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  1. Michael Vannoy Adams (1996). The Multicultural Imagination: Race, Color, and the Unconscious. Routledge.
    The Multicultural Imagination is a challenging inquiry into the complex interrelationship between our ideas about race, color and the unconscious. Drawing on clinical case material, Michael Vannoy Adams argues that race is just as important as sex or any other content of the unconscious. He does not assume that racism will simply vanish if we psychoanalyze a patient, but shows how a non-defensive ego and a self-image that is receptive to other-images can move us towards a more productive discourse of (...)
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  2. K. B. Aikman (1933). Race Mixture. The Eugenics Review 25 (3):161.
  3. Linda Martin Alcoff, Latinos and the Categories of Race.
    Apparently, Latinos are “taking over.” 1 With news that Latinos have become the largest minority group in the United States, the public airwaves are filled with concerned voices about the impact that a non-English dominant, Catholic, non-white, largely poor population will have on “American” identity. Aside from the hysteria, Latino identity poses some authentically new questions for the standard way in which minority identities are conceptualized. Are Latinos a race, an ethnicity, or some combination? What does it mean to have (...)
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  4. Linda Martín Alcoff (2008). Surviving Race, Ethnicity, and Nationality by Jorge J. E. Gracia; Mapping the Boundaries of Race, Ethnicity, and Nationality. International Philosophical Quarterly 48 (2):231-238.
  5. R. Rita Alfonso (2005). Transatlantic Perspectives of Race. Philosophy Today 49 (Supplement):89-99.
  6. Jonny Anomaly (2014). Race, Genes, and the Ethics of Belief: A Review of Nicholas Wade, A Troublesome Inheritance. [REVIEW] Hastings Center Report 44 (5):51-52.
  7. Barbara Applebaum (2006). Race Ignore-Ance, Colortalk, and White Complicity: White is…White Isn't1. Educational Theory 56 (3):345-362.
    In this review essay, Barbara Applebaum uses white complicity as a framework for discussing three books: Mica Pollock’s Colormute: Race Talk Dilemmas in an American School, Debra Van Ausdale and Joe R. Feagin’s The First R: How Children Learn Race and Racist, and Virginia Lea and Judy Helfand’s Identifying Race and Transforming Whiteness in the Classroom. She explains the notion of white complicity and discusses some of the deep philosophical questions involving moral responsibility and agency that arise when one acknowledges (...)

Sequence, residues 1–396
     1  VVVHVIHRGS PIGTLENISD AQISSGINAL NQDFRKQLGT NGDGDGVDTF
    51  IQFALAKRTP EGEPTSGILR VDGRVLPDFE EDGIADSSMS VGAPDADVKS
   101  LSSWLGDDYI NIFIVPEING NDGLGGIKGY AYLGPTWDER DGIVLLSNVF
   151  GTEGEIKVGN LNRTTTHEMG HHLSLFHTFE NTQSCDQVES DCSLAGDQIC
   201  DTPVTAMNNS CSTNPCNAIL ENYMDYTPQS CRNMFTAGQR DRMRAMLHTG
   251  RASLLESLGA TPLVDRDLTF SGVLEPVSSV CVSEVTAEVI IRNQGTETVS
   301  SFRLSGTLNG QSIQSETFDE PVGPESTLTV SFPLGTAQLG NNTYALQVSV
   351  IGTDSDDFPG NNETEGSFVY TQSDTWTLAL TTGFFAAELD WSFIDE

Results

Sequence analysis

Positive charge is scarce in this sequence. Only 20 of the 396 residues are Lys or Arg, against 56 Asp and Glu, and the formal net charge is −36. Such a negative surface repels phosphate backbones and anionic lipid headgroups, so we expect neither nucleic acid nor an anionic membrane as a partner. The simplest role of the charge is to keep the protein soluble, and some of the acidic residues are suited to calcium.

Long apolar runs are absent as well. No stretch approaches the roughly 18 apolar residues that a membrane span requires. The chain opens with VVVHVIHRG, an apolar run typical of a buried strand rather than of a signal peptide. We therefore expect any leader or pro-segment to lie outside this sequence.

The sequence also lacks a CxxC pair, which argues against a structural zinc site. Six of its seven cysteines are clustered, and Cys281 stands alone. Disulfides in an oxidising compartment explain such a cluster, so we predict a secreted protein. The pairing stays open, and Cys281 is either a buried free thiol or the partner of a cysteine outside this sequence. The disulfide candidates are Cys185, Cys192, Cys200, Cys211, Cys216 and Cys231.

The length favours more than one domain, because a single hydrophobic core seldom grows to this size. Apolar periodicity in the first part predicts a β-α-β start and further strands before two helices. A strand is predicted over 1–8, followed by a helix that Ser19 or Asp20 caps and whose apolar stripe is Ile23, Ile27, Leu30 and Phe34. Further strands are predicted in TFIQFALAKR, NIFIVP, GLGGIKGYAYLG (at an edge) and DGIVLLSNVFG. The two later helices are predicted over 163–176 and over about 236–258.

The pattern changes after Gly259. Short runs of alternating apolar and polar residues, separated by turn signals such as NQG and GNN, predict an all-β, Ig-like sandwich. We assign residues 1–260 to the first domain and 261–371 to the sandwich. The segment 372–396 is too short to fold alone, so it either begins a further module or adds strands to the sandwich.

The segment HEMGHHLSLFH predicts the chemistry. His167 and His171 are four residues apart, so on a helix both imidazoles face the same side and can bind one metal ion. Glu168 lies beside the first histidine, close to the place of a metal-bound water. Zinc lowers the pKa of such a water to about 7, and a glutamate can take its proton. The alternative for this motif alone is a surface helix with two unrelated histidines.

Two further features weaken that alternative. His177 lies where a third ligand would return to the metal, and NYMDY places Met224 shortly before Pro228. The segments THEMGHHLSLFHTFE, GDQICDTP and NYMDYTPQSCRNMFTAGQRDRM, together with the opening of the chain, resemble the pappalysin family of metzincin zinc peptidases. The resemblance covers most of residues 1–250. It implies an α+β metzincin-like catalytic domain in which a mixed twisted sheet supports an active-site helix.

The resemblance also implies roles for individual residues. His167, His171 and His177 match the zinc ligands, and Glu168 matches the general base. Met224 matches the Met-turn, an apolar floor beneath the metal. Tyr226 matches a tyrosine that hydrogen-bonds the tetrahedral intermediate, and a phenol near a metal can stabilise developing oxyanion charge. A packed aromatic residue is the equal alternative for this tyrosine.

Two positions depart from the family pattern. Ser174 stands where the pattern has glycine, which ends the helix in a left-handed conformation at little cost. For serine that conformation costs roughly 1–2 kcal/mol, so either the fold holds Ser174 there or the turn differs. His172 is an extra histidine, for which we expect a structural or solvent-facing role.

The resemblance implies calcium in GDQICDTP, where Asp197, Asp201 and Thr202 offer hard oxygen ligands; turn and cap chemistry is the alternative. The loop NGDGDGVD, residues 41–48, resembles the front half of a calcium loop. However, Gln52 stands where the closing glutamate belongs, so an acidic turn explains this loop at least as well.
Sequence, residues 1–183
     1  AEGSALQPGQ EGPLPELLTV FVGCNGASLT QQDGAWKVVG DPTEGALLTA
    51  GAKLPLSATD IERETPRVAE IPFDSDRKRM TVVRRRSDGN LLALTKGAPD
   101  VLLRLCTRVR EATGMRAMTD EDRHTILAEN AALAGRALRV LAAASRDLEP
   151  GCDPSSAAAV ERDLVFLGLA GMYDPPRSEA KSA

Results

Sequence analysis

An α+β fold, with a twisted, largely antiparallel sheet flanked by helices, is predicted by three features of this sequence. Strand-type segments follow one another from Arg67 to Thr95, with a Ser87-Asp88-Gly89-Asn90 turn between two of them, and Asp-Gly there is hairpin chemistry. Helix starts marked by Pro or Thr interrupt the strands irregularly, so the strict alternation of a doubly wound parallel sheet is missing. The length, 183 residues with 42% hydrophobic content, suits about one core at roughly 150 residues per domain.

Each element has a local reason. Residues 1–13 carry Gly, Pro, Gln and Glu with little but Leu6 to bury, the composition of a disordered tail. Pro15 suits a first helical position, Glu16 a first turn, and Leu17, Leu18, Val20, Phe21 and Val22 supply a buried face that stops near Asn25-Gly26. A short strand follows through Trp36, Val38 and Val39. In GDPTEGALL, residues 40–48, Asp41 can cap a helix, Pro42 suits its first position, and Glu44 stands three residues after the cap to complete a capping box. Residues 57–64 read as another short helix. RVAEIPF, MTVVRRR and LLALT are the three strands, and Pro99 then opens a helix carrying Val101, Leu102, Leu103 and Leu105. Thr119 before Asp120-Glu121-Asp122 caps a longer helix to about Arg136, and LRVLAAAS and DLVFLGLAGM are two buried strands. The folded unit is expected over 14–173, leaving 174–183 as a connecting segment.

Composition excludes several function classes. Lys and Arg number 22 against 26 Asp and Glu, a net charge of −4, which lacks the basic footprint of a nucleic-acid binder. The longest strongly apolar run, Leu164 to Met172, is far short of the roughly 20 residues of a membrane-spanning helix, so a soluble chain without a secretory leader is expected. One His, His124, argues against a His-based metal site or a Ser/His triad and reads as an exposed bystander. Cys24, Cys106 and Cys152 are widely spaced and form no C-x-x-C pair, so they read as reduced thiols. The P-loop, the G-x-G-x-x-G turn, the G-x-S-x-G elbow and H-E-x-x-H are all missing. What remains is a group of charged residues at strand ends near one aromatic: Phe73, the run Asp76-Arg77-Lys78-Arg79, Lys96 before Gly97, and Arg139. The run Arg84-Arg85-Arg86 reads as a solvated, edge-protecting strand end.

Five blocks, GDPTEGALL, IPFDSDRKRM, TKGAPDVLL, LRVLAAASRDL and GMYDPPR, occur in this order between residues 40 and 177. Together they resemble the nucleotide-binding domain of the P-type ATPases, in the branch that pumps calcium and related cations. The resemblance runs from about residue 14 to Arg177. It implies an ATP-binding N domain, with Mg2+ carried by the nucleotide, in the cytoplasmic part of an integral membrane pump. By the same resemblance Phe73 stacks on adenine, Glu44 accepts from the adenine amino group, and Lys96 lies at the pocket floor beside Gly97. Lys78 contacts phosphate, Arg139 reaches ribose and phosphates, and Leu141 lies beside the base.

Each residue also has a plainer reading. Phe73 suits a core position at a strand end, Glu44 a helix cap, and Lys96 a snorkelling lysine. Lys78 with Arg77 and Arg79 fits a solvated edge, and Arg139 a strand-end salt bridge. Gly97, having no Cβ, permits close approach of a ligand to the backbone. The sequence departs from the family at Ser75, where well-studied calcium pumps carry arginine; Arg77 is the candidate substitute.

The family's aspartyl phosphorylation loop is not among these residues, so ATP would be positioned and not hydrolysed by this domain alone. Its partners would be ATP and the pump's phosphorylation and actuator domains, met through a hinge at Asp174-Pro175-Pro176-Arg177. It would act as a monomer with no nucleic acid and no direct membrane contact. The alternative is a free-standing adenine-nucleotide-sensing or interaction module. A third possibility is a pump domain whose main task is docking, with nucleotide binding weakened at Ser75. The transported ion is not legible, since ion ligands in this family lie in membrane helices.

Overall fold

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  8. Stephen T. Asma (1995). Metaphors of Race: Theoretical Presuppositions Behind Racism. American Philosophical Quarterly 32 (1):13 - 29.
    Philosophers and scientists have historically conceptualized race according to two main metaphors; internal differentiation (theological, philosophical and genetic), and external differentiation (environmental). This paper examines these metaphors and theories in Descartes, Kant, Hegel, and also Darwin and the subsequent racial theories of recent history. The paper argues that the externalist metaphor has a more liberal and potentially egalitarian tradition.
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  9. Lawrie Balfour (2005). Representative Women: Slavery, Citizenship, and Feminist Theory in Du Bois's "Damnation of Women". Hypatia 20 (3):127 - 148.
    In this essay, I contend that feminist theories of citizenship in the U.S. context must go beyond simply acknowledging the importance of race and grapple explicitly with the legacies of slavery. To sketch this case, I draw upon W.E.B. Du Bois's "The Damnation of Women," which explores the significance for all Americans of African American women's sexual, economic, and political lives under slavery and in its aftermath.